June 6, 2019
8th grader places first in the Alice Challenge
Fort Couch Middle School eighth grader Mahesh Lakshminarayanan recently placed first in the Alice Challenge, Middle School Good Neighbor category. The Alice Challenge is a computer programming competition for students in grades 6-12.
According to its website, “The Alice Challenge invites middle and high school students in the Pittsburgh region to create 3D animations, engaging games or immersive experiences using the Alice programming environment. Alice helps students develop technical skills and encourages them to explore their creativity, all while making something meaningful.”
The challenge was comprised of three competition categories including Animation, Game and Good Neighbor. Student submissions were judged in two divisions, a Middle Division for students in grades 6, 7 and 8 and an Upper Division for students in grades 9, 10, 11 and 12.
Inspired by the legacy of Fred Rogers, the Good Neighbor category is about creating experiences for social good. The title of Mahesh’s project is “Mr. Hatter please love children.” According the Mahesh, it tells the story of how Mr. Hatter was bullying children and making fun of them. The lion saw what was happening and decided to teach the mad hatter a lesson.
“I got most of the lion God’s quotes from the Bhagavad Gita, which is a Hindu scripture,” Mahesh said. “After the lion teaches a lesson to the mad hatter, then the hatter becomes nice to children. This came into my mind because I read a lot of Hindu scriptures and it says to be kind, take deep breaths and (defines) what is good, okay and bad.”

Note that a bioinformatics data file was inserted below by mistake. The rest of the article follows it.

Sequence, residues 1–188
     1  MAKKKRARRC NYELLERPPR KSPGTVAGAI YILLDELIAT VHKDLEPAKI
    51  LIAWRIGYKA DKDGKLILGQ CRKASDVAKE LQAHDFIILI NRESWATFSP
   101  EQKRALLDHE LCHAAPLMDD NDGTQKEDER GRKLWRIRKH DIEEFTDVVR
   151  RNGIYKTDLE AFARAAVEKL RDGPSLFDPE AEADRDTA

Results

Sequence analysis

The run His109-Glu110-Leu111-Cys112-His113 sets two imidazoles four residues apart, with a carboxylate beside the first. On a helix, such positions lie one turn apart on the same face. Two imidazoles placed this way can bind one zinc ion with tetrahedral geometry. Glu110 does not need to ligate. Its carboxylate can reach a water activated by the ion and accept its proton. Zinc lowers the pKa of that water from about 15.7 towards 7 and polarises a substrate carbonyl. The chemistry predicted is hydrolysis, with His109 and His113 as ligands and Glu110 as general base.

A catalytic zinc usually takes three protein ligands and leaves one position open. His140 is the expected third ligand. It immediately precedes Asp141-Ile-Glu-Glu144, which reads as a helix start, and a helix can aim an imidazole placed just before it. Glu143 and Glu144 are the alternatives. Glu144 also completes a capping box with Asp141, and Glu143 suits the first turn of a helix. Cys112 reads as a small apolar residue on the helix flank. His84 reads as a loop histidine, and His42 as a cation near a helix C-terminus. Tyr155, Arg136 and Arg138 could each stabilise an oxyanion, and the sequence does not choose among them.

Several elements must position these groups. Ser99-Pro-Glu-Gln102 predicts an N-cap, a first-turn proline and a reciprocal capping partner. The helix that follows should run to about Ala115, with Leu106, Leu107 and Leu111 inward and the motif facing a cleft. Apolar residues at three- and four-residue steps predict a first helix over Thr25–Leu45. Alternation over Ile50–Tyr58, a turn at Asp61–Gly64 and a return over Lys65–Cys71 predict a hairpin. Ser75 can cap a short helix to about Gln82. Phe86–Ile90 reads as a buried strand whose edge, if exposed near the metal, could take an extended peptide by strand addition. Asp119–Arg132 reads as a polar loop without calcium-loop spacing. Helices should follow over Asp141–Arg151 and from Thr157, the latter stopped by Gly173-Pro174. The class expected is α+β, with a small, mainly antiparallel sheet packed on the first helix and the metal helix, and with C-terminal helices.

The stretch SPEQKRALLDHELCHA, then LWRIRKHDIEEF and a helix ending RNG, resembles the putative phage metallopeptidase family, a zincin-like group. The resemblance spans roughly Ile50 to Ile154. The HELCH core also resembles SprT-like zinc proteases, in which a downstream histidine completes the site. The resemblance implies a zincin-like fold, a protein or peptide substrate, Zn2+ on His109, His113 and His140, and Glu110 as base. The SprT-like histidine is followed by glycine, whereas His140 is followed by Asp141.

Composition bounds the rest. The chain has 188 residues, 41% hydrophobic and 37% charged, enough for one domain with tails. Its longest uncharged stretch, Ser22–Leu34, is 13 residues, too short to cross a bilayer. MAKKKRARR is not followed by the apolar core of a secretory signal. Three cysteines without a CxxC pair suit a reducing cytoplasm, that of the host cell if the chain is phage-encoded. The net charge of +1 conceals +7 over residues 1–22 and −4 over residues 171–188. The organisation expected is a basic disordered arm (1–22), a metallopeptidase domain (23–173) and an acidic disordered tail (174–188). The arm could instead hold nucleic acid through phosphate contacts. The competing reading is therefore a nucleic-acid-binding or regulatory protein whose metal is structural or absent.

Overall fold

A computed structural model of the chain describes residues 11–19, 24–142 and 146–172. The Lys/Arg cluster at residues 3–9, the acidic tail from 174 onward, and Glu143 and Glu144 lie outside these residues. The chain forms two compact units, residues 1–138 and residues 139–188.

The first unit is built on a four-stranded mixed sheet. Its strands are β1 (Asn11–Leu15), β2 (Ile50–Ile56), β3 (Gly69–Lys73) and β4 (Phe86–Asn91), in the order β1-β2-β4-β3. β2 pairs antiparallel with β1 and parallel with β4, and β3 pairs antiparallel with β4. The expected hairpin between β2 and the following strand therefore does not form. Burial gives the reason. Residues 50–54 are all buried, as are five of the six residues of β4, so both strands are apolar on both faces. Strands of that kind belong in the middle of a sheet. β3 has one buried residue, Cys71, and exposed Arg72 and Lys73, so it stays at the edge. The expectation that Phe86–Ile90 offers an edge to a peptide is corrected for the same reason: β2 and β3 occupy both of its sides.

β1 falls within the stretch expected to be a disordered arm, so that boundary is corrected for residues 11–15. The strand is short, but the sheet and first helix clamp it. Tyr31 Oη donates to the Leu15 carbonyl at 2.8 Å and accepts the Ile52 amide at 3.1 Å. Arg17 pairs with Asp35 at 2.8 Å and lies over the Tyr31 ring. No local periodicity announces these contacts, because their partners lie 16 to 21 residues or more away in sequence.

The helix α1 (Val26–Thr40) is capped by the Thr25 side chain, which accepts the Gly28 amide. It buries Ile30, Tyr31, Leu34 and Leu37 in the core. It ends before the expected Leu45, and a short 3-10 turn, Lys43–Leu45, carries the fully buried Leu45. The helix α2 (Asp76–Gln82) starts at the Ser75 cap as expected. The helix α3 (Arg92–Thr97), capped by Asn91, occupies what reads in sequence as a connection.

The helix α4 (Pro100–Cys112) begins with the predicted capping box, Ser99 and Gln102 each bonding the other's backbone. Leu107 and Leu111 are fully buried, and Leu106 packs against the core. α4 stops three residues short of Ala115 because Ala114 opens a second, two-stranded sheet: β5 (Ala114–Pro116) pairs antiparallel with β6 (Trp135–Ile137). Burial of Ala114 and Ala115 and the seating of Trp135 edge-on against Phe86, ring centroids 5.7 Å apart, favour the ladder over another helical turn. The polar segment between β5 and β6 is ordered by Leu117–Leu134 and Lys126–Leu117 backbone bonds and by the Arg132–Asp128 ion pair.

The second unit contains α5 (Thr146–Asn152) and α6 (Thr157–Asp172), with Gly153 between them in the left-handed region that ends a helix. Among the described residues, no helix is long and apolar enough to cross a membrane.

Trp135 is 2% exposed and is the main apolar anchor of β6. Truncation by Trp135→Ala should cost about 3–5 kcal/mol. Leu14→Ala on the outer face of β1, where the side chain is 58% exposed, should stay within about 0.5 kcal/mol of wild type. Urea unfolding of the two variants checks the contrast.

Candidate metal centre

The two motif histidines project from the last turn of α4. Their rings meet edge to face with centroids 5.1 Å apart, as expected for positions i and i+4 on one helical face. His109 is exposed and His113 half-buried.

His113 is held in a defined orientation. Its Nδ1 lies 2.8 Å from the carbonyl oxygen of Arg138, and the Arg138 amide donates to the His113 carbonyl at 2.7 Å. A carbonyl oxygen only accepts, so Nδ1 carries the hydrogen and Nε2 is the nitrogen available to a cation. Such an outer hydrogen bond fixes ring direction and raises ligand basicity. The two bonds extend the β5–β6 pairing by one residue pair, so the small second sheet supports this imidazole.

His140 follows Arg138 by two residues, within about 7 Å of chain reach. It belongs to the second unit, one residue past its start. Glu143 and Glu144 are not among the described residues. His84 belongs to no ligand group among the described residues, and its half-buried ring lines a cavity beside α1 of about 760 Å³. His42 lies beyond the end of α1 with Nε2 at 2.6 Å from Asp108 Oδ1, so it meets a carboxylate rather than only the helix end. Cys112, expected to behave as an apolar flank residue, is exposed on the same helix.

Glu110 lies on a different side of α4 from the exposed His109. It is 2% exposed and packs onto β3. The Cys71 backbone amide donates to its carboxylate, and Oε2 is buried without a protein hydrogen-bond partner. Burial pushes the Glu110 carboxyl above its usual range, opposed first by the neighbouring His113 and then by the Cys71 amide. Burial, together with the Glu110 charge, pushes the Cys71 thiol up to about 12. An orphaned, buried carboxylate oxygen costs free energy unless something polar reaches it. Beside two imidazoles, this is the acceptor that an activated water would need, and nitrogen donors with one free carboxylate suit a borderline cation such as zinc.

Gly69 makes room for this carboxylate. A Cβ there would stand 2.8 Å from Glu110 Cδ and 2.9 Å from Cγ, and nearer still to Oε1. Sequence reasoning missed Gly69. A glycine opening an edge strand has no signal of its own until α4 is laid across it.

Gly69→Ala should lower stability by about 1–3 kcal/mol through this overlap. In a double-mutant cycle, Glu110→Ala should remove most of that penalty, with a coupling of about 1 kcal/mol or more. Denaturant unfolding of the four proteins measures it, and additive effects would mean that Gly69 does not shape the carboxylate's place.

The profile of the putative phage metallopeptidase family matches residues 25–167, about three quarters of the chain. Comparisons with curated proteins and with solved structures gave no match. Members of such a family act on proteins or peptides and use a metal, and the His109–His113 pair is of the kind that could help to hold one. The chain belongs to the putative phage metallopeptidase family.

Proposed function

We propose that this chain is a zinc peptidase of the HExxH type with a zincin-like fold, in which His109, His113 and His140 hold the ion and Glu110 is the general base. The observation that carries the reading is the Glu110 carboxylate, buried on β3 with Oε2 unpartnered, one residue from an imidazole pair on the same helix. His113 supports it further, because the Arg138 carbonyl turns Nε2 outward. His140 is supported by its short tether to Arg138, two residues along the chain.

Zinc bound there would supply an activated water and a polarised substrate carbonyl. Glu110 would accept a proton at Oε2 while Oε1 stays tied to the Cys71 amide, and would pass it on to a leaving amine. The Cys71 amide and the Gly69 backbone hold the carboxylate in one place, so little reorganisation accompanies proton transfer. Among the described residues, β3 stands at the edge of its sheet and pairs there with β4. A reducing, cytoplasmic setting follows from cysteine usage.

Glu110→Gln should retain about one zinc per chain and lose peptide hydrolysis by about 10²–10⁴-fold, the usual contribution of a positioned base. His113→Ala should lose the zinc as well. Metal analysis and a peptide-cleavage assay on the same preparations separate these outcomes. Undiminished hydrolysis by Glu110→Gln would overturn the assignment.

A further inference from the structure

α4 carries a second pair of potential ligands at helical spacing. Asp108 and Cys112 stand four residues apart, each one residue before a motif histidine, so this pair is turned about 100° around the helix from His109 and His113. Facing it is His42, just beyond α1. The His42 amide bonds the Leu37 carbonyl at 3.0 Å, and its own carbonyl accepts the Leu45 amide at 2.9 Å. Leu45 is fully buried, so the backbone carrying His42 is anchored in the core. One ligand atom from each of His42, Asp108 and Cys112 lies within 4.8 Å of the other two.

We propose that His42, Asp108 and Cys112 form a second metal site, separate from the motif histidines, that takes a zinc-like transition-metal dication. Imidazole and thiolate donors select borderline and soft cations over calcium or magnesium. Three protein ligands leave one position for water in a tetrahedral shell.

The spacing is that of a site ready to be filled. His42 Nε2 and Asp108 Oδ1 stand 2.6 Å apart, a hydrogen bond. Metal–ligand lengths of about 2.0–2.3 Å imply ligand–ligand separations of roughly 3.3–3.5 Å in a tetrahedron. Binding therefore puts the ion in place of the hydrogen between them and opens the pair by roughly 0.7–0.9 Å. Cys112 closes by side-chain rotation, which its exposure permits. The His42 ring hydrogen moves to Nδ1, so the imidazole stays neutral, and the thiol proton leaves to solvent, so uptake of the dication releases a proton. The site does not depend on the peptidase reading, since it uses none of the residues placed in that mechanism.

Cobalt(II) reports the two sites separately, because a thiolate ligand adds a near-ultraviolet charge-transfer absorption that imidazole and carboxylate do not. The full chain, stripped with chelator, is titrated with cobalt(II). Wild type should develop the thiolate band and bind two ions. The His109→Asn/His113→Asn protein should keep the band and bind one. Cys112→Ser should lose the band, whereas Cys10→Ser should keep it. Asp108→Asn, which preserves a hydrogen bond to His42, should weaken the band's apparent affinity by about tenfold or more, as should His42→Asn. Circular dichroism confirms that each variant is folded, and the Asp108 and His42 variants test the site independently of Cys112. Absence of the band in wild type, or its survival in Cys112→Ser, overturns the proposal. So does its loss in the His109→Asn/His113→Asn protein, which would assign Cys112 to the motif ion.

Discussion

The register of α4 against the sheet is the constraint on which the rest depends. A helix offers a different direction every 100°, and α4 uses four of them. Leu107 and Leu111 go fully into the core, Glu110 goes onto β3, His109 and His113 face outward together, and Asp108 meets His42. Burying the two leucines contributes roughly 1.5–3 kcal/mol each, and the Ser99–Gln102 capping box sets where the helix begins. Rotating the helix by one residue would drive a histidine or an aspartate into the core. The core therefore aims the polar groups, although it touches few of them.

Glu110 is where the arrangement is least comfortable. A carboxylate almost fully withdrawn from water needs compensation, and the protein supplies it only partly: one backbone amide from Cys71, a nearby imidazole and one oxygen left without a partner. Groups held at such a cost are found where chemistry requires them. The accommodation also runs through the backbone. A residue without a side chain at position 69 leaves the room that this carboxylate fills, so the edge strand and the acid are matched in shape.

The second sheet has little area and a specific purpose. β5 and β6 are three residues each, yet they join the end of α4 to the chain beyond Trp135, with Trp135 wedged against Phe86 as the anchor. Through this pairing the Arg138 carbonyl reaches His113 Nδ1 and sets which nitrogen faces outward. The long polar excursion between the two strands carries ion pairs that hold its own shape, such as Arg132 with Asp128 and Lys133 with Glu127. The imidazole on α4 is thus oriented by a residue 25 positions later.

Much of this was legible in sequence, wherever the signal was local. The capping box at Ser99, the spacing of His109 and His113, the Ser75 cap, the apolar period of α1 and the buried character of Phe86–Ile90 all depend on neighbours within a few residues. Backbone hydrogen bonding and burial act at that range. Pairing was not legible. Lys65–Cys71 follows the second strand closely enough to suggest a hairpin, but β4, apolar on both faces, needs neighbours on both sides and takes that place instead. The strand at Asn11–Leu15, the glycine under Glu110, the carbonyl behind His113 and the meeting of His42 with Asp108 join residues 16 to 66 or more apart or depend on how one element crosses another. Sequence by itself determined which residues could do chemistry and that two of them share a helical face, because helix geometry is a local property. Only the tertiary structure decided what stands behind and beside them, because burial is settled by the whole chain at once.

Submissions were judged by professional game designers and industry experts on creativity, visual presentation and technical implementation. Good Neighbor entries are also rated on impact potential.
Mahesh, along with the other winners of each category, will be recognized at the Finalists Showcase and award ceremony on June 12, 2019, at Carnegie Mellon University’s Entertainment Technology Center.
This marks the second year of the Alice Challenge, which was open to all students in grades 6-12 in the Pittsburgh region including Allegheny, Armstrong, Beaver, Butler, Fayette, Greene, Washington and Westmoreland counties. Students could participate as individuals or in a team of up to four students.